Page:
Thanks John glad you like it. Putting those vehicles and figures in the bit of space by the station persuaded me to extend the board just enough to model the front of the station and the road in front of it. It also added a useful 100mm to the head shunt for the run round loop and also the other platform road. I've made a reversible plug in cassette big enough for a tender loco or a small loco and a couple of wagons that fits onto the end of the "gasworks tunnel" at the front of the layout. Over the top there's the road & pavements and I've punched some holes in the blank face of the station building given it some real doors (before they only existed inside the building stuck to the solid wall). I've bought the TV crew set of figures from Preiser and a VW van as their support vehicle and I'm in the process of setting it out as an "on location" cameo. I'll do some photo's when I've finished tweaking it.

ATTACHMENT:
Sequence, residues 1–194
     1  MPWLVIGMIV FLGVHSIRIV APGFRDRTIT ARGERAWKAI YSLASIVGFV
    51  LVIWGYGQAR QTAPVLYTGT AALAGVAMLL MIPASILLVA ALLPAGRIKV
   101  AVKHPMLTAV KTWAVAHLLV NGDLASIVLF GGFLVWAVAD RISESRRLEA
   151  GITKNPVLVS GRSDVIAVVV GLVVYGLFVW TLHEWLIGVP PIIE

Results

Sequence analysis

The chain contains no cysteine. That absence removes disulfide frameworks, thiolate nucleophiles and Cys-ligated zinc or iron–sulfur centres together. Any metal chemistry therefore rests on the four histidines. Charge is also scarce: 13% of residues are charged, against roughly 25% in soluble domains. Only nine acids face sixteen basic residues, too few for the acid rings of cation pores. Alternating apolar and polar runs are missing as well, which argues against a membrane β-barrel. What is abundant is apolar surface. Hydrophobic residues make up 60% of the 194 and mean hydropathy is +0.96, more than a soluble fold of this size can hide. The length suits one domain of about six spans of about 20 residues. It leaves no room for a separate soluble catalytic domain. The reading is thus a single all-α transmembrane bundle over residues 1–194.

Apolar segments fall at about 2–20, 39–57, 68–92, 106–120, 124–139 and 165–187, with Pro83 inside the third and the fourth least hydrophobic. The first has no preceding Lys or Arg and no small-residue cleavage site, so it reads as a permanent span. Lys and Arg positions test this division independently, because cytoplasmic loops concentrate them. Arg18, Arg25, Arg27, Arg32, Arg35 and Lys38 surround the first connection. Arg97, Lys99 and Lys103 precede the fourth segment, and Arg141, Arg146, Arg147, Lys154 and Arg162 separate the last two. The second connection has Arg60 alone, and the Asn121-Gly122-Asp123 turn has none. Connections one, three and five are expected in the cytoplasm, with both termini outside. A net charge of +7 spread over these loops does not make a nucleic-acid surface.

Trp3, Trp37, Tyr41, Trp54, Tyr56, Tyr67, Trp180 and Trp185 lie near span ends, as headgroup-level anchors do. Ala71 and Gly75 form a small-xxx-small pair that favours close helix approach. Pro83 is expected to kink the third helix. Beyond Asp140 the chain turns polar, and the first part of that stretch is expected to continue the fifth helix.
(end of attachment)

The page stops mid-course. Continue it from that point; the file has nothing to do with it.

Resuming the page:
John W
aka Bufferstop
Growing old, can't avoid it. Growing up, forget it!
My Layout, My Workbench Blog and My Opinions

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kennyGWSR
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Re: Heritage Line Layout Time for yet another update

Postby kennyGWSR » Sat Jan 19, 2013 6:34 pm

Wow John, loving Cadbury 9! Looks great! May have to put an order in some day for a scratch built loco ;) talking of scratch built locos, you still got Furness 20? Any chance of some photos of her please? And any chance i could borrow her and forget to give her back? :mrgreen: